My Dream G2B. Now I need to find a calculator program that will do justice to the ledger pad it's on. Anyone know where I can get an HP-41C emulator?
I ordered myself a new cell phone a little over a week ago, a SciPhone G2. I spent a lot of time researching different cell phones before I settled on this one, and considered everything from an iPhone or Nokia E90 at the top end down to anything that would give me at least the same features as my old Nokia 3650.
I spent a lot of time considering the SciPhone i68+, but there were two things that kept me from jumping at it right away: the camera and data networking are no better than my N3650, and I wanted to make sure I found a reliable seller, so that I could be sure I'd be getting the real SciPhone, not a knockoff.
I found a great forum full of information from a lot of users of the i68+ as well as its knockoffs. I got a SciPhone G2B, which has a different layout of keys than the SciPhone G2A. It's not as colorful, but just looking at the G2A's keys I would have to say that the G2B layout should be better to use.
The first challenge I ran into was opening the battery cover. It's not described or illustrated in the manual. Given that this is a phone with a large display, I wanted to make sure I didn't break it while trying to figure out how to get the battery in, before I even had a chance to use it.
The battery cover doesn't have any raised bumps or other clues on how to open it, either. On my G2, the cover runs across the entire back, and the lens cover for the camera is part of the battery cover. There are pictures of two G2s with the backs off in the G2's manual, neither looks exactly like mine.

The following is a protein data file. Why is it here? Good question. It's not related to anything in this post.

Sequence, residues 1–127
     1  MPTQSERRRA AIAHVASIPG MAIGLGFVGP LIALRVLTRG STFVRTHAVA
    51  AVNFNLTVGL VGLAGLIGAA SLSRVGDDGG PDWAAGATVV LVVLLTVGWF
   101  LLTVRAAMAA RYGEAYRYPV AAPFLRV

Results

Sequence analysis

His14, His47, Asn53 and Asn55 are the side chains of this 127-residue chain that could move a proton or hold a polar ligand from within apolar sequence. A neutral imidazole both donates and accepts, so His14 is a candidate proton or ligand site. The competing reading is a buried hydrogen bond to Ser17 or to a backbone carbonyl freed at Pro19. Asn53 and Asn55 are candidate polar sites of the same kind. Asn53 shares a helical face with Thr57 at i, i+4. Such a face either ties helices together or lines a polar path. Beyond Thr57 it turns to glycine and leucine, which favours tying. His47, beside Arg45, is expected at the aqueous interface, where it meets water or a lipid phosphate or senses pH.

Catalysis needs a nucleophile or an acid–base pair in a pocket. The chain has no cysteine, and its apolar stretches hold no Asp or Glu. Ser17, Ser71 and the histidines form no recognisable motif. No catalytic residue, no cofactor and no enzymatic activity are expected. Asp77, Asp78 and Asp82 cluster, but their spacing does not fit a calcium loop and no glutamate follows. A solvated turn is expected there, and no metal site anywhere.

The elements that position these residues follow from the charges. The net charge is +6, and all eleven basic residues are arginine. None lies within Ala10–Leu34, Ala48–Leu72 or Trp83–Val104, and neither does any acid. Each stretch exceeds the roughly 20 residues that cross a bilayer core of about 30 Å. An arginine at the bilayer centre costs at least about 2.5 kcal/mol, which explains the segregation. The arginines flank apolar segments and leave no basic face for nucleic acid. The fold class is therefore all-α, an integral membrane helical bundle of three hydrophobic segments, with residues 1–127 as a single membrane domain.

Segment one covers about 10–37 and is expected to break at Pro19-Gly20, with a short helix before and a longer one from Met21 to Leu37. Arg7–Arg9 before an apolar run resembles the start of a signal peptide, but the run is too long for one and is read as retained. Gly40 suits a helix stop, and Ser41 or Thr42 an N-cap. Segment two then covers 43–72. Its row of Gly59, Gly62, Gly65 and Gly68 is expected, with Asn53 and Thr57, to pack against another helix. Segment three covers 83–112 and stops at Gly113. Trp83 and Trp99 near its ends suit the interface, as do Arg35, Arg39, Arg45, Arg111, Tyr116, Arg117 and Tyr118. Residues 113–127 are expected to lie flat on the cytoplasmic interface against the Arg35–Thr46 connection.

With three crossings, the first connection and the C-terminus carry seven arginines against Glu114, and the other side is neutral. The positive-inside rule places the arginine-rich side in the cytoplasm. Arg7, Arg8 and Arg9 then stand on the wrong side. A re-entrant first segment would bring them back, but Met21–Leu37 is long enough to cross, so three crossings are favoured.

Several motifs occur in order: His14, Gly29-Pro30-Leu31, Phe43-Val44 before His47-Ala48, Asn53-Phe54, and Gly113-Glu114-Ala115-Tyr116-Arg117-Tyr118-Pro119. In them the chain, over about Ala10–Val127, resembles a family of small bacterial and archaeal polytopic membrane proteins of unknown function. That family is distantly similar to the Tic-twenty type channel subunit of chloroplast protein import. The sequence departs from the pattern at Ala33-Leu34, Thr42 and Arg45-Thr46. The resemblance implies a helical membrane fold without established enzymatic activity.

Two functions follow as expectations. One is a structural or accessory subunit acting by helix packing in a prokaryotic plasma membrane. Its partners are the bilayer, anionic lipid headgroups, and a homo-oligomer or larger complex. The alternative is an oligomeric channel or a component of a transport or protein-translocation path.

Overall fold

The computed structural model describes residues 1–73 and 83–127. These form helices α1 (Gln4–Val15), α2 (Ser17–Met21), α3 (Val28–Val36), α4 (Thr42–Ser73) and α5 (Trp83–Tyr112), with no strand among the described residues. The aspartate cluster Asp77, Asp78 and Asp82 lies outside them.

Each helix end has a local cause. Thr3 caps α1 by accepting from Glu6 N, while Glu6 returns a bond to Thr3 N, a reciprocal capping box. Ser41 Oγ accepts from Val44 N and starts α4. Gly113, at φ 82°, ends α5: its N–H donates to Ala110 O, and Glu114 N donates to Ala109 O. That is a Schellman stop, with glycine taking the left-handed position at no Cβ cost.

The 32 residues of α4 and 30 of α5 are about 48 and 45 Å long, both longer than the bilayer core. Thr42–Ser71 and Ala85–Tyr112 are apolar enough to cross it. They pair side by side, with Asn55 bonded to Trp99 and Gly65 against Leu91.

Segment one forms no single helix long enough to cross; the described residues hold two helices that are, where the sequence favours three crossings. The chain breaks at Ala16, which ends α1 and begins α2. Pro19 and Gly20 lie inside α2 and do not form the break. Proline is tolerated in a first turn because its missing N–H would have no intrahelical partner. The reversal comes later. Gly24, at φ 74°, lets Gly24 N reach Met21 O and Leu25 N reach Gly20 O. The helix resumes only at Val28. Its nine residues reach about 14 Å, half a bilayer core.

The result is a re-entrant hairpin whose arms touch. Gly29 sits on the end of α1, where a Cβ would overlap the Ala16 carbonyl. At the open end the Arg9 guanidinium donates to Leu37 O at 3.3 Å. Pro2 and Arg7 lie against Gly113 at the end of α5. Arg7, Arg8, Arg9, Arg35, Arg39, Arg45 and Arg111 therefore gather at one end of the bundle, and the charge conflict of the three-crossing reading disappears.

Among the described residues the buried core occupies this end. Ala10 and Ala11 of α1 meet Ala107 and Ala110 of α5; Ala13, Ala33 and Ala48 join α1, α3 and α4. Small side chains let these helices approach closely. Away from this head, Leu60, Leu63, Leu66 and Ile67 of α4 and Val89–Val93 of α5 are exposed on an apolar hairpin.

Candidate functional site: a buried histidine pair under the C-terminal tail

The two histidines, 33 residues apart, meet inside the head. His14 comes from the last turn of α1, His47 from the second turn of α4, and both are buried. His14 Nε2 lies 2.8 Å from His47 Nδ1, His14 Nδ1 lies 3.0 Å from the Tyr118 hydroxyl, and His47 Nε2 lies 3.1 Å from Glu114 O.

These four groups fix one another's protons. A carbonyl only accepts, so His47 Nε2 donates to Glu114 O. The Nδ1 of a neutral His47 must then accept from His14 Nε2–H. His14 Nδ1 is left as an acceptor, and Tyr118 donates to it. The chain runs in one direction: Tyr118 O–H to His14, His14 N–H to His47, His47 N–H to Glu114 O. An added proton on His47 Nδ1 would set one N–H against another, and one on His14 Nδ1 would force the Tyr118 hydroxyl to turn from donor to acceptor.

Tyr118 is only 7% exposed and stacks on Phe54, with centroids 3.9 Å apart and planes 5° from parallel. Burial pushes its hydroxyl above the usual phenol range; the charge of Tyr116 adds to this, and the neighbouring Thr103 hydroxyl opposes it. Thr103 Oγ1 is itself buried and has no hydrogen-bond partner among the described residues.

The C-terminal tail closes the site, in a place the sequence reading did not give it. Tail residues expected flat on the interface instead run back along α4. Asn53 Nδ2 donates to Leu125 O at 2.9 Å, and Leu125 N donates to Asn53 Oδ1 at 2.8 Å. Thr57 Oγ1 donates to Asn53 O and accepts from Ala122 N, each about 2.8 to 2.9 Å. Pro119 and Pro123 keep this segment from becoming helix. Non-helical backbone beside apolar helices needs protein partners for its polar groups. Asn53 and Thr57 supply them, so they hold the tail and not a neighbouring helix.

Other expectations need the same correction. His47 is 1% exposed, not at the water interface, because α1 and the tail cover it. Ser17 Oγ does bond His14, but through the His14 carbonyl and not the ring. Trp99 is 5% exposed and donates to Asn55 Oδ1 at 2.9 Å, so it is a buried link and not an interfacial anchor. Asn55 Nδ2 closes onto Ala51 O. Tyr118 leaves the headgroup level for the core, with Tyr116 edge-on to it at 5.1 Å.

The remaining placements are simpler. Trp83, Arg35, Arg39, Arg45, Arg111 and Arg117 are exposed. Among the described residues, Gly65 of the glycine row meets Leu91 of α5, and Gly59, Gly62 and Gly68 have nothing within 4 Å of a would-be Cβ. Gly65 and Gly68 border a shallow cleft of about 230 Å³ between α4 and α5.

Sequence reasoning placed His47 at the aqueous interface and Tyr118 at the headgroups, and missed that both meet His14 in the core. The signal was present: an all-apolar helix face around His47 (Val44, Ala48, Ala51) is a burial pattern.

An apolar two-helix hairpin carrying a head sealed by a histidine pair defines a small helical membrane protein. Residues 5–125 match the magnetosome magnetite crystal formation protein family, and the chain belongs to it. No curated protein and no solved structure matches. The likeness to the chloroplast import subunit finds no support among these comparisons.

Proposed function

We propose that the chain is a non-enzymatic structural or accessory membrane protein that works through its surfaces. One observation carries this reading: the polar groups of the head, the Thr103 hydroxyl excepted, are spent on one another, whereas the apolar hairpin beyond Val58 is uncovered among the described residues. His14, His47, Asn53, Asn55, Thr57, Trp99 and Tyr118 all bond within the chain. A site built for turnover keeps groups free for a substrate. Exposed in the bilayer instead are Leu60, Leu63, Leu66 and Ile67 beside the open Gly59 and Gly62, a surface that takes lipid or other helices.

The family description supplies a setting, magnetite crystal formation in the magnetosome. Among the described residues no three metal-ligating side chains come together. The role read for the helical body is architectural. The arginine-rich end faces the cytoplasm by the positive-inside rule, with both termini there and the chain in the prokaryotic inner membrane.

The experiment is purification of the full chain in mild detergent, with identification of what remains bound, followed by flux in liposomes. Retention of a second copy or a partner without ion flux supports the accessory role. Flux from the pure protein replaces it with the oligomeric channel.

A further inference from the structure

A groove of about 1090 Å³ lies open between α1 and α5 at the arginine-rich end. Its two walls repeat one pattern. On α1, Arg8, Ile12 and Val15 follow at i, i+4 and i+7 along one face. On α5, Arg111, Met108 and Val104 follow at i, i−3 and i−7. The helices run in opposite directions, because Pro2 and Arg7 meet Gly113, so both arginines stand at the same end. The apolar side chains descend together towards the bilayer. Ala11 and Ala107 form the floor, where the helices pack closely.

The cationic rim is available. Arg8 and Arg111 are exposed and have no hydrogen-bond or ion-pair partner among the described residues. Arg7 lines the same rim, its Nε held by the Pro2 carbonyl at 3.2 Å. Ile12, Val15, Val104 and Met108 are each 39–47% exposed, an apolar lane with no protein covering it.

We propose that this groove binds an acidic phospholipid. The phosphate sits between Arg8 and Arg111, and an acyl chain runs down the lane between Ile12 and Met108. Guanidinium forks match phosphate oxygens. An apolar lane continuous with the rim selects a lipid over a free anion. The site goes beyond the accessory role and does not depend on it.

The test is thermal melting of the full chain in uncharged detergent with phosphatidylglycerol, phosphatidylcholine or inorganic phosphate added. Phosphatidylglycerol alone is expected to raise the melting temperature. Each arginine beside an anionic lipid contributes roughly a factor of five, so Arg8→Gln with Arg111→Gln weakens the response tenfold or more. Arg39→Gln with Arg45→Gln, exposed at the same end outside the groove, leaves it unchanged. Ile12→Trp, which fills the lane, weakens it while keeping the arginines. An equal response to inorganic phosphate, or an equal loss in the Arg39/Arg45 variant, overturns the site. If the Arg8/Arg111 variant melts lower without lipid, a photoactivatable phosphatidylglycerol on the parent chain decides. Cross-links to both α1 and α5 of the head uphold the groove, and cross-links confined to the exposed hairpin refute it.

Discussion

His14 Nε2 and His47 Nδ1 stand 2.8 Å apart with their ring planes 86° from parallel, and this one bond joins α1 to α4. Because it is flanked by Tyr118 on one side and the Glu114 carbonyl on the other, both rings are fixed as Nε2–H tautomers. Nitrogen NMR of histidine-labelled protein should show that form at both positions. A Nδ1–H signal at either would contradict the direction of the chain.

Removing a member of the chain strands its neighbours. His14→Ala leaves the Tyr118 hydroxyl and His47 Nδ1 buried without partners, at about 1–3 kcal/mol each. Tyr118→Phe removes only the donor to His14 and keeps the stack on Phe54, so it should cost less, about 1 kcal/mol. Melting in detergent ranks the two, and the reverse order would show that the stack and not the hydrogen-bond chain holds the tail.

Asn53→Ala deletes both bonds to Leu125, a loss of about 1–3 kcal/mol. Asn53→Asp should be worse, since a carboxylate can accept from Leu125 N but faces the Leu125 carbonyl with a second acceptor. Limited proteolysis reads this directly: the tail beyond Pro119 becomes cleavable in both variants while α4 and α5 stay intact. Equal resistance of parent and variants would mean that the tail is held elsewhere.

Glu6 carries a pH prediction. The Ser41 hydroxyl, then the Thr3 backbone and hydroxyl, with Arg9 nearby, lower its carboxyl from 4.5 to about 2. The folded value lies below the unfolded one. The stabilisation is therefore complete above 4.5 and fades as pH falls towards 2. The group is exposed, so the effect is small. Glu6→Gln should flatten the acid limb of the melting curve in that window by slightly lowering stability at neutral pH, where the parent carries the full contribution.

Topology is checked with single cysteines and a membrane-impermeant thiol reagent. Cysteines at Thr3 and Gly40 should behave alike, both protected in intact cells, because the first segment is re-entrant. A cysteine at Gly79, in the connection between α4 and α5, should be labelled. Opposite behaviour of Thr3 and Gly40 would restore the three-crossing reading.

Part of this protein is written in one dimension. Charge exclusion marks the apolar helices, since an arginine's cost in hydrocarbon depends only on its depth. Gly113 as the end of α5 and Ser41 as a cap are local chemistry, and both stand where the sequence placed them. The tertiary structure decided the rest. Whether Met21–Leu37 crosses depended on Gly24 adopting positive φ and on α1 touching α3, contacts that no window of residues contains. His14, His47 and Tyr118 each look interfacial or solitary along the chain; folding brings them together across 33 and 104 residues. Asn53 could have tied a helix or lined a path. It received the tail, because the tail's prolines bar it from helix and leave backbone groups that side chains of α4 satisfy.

I ended up using a small plastic tool to pop the back off while pulling with my thumb on the lower part of the battery cover. The cover is made to slide about 1/4 inch (6mm) toward the bottom of the phone, then lift off. It doesn't slide all the way off.
Once you've got the battery in the phone and you go to replace the back cover, you have to press the cover down a bit to get it fully engaged with the back of the phone. Then slide it back up. I usually don't get both the tabs at the top engaged on the first try, but once its in place it's secure. So secure you'll probably have to use a tool to start it loose again.
Getting the battery in isn't difficult. Looking at the battery and the phone will let you see where the contacts are, and therefore which way the battery goes in. You can put the battery in either left-side first (contacts first) or right-side first (contacts last). To get it out, there's a tab on the right side of the battery and a little relief cut underneath the tab on the phone. A small fingernail could probably get it popped out, I use my little plastic tool again.
Using the little red plastic tweaker tool to pop out the battery.
When I put my T-Mobile (USA) SIM card in it, it put me on the cell phone network with no problem. I haven't had a chance to configure GPRS/EDGE and MMS/SMS yet. And I'm currently working on getting Wifi working on my home network.
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